Not once while I was in China did I eat rice.

Perhaps I was ordering wrong but I also don’t remember seeing it on any menus. Instead, I was fed a steady diet of delicate dumplings and noodles so long it took me ten seconds to slurp a single spoonful.

Chinese food may have already conquered the world, but in China (particularly this part of China), the real spectrum of cuisine includes a much wider and colorful palate of flavors. There is no General Tso’s doughnut-fried chicken around here, but barbecued squid on a stick? Why, yes.

In Xi'an, a Chinese chef whips a length of dough into shape before pulling it into long noodles. (Photo by Andrew Evans, National Geographic Traveler)

My first real Chinese food in China was a simple bowl of noodles and Shaanxi beef. A single bite, lifted up with awkward chopsticks unveiled the soft doughy noodle and rich beef broth, swimming with aromatic cinnamon, star anise and dried mandarin orange peel.

Mine was but a small and simple bowl of noodles, yet inside that simple meal, I tasted the essence of the Silk Road- — the spices and history that reflects an era of exchange for China with the outside world. Long ago, Xi’an was the starting point for the trade route from Asia to Europe, and now, walking through the Muslim Market of the old city, I felt like I was surrounded by the sights and sounds of the Silk Road today.

Xi’an’s Muslim Market exudes all the exotic flair of old China, from the brilliant singing birds in reed cages to carefully-molded moon cakes and sizzling street food. Today, 9 million people live in this massive city marked by cranes, construction sites and grey high-rises, but within these medieval city walls on this single cobbled street, if only for a few minutes, I caught a glimpse of what Marco Polo saw as he traveled here so long ago.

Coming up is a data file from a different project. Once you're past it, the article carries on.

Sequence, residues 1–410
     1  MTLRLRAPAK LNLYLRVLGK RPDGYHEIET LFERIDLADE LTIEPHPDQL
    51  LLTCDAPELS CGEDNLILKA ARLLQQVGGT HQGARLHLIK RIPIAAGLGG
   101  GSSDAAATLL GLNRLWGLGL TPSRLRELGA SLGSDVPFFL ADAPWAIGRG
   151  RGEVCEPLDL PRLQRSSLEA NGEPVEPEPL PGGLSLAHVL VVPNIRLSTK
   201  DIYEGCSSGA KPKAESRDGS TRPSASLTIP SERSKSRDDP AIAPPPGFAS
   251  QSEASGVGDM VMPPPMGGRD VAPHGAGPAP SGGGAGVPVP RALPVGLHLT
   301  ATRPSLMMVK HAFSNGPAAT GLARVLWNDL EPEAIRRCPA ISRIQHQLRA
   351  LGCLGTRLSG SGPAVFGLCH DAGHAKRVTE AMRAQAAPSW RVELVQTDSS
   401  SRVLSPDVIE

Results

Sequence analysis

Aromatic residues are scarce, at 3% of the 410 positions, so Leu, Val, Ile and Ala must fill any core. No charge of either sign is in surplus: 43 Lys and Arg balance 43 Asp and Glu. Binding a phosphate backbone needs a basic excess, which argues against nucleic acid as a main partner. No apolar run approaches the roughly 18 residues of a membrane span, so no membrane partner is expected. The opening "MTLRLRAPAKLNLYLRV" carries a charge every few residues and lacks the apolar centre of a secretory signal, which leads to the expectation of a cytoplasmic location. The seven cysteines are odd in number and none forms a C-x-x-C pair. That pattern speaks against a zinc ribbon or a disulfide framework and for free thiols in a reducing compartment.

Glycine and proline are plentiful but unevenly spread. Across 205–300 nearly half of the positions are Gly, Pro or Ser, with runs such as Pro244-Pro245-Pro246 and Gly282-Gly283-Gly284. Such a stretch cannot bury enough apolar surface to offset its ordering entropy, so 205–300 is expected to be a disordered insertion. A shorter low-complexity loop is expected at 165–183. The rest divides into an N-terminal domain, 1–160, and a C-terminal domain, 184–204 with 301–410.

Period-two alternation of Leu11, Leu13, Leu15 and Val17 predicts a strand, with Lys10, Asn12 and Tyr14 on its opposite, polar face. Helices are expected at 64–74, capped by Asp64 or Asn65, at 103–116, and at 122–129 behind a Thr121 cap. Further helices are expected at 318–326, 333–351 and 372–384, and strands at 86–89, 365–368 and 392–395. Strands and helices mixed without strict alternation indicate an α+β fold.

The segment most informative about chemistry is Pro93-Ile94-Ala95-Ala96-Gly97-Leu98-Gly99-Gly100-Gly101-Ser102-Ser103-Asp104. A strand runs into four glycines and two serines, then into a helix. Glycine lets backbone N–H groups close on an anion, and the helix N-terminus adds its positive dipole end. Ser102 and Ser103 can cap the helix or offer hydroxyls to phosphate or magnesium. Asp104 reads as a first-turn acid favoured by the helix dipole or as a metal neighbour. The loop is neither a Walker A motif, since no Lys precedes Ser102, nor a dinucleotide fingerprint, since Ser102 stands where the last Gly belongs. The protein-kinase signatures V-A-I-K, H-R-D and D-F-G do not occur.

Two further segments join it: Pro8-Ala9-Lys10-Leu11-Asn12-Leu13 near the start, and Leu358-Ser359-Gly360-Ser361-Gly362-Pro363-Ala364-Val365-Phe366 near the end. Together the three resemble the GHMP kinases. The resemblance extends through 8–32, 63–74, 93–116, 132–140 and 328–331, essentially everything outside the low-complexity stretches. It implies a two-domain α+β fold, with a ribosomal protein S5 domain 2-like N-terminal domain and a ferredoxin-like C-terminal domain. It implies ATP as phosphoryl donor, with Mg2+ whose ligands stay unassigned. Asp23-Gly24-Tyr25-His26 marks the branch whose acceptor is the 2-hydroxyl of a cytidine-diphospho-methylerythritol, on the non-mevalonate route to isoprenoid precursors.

And I’m guessing here, but I bet Marco Polo ate more noodles than he did rice.

In the Muslim Market of Xi'an, China, a merchant makes and sells savory, meat-filled pastries (Photo by Andrew Evans, National Geographic Traveler).

Comments

  1. Richard Reynolds
    England, UK
    October 24, 2012, 10:30 am

    OMG, come Nat’ Geog’,, just look at the map, it shows both Xi’an and Chengdu in completly the wrong places from the real ones. As a person who has lived, worked and is married to a Chinese lady,, it is well known that wheat is the staple crop of China to the North of the Yangze River,, rice is too unsuited for the climate there,, mostly grown in the South or imported from Thailand,
    On a menu ‘fan’ is the pinyin word for rice and a well known greeting ask a person ‘chi wan fan’ ( have you eaten?,, xie xie ha,, xia hui jian Richard,

  2. lee
    Chengdu, China
    October 24, 2012, 11:30 am

    Love your blog, did you enjoy your meal?
    :)

  3. Real Chinese Food | The Inquisitive Eater
    October 24, 2012, 2:36 pm

    [...] Geographic Traveler writes about his time in Xi’an China.  Read the article here, on National Geographic! Share this:MoreLike this:LikeBe the first to like [...]

  4. SOPHIE CARRERA
    BRITISH VIRGIN ISLANDS
    October 24, 2012, 3:09 pm

    DEAR DREW, I ENJOY READING YOUR BLOGS SO MUCH AND THIS TIME, IT REMINDS ME OF MY TRIP TO X’IAN AND CHENGDU, I WISH I WERE THERE WITH YOU, SLURPING THESE NOODLES AND DUMPLINGS, MIAM MIAN – TAKE CARE ET BON VOYAGE – A BIENTOT

  5. Mark Munro 大海
    Beijing
    October 25, 2012, 5:36 am

    Why do you pronounce Xi’an “Xi’on”?

  6. Mark Munro 大海
    Beijing
    October 25, 2012, 5:38 am

    You should learn the language/pronunciation if you’re going to deem yourself a China travel expert.

  7. Real Chinese Food #RTW | Field Notes
    October 25, 2012, 5:42 pm

    [...] the rest of the story and watch a video on National Geographic’s Digital Nomad [...]

  8. The Last 100 Miles #RTW – Digital Nomad
    November 20, 2012, 10:13 am

    [...] very next day, watched the sun rise at Angkor Wat. I have walked the first steps of the enduring Silk Road, kissed a baby panda on the head in his bamboo-sheltered home, inhaled the incense of India, gawked [...]

  9. Christian Rene Friborg
    Germany
    December 4, 2012, 9:36 pm

    I love Chinese food! Me and my wife truly enjoyed our trip to China two years ago and was able to have a taste of authentic Chinese food. We’d definitely go back there again.